Early Reading Comprehension
Early reading comprehension is the reading skill that will allow students to achieve academic success and acquire information in all areas of their lives.
E arly reading comprehension is the determining factor for reading on grade level in elementary school. Students who are unable to decode words fluently spend so much time attempting to identify individual words that they can’t attend to meaning.
Learn more about the importance of Early Literacy from our other resources on the subject.
W hen students fail to determine the main ideas and details of what they read or don’t engage in close reading to identify the text structure, features, and language used by the author, they often become frustrated and disengage from activities and assignments because they don’t “get it”.
A wareness of text structure, in particular, appears to improve comprehension of informational texts.
Imagine the struggle for students who can’t tell the difference between an informational passage that is comparing and contrasting with a passage that illustrates cause and effect or offers a problem and solution.
Students who are unable to read for meaning in the early grades may miss this window of opportunity to develop deeper reading skills that will be critical as they enter upper grades.
E arly reading comprehension becomes especially important to students in the later elementary grades because it provides the foundation for further learning in secondary school (Sweet & Snow, 2003) .
A student’s academic progress is profoundly shaped by the ability to understand what is read and to analyze and apply this knowledge.
Students who cannot understand what they read are not likely to acquire the skills necessary to take advantage of post-secondary education and participate in the 21st century workforce.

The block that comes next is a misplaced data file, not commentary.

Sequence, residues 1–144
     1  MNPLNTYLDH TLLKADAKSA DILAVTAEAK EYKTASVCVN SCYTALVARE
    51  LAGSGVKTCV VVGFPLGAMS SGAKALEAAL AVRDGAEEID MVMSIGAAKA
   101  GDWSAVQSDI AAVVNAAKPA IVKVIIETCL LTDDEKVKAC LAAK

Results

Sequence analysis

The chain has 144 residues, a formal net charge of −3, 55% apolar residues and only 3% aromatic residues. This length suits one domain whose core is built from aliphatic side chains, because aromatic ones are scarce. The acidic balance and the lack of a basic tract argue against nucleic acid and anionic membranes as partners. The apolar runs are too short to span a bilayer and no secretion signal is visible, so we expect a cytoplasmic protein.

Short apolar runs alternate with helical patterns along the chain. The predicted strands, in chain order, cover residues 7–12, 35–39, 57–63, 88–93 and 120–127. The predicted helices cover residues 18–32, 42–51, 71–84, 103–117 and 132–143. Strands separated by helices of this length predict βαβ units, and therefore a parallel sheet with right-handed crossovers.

S trategic approaches for developing early reading comprehension also correlate positively to first-graders’ writing growth. Building strong writing foundations allows children to begin to express their ideas and opinions and to connect the purposes of reading and writing.
B y the time most students reach middle school, a majority of their responses and reflections will be done in writing.
The ability to analyze text and communicate ideas clearly and concisely is a requirement in high school.
Students who are unable to construct well written, evidence- based responses to text are unlikely to be as successful in careers that require written communication.
B lended learning holds promising possibilities for increasing early reading comprehension.
In one study (Chambers, Slavin, Madden, Abrami, Tucker, Cheung, et al., 2008) students who experienced the use of technology scored more than a full standard deviation higher than those who received the identical classroom instruction and tutoring without technology.
T his study also supported findings on engagement: students who are actively engaged in their learning have better reading outcomes than do passive learners.
Providing opportunities for students to connect to books and “digital libraries” that offer greater choice can increase motivation.
Early Reading Activities: Early Reading Comprehension
Comprehension can be increased by incorporating activities before, during, and after reading.
Pre-reading activities promote engagement, motivation, and critical thinking skills.
Giving students the opportunity to develop early reading comprehension strategies while they are interacting with text helps to reinforce skills that can be applied across the curriculum.
Children look forward to reading when they can be active participants in asking and answering questions and discussing what they’ve read. Post-reading activities serve to reinforce the purpose of reading and to deepen comprehension.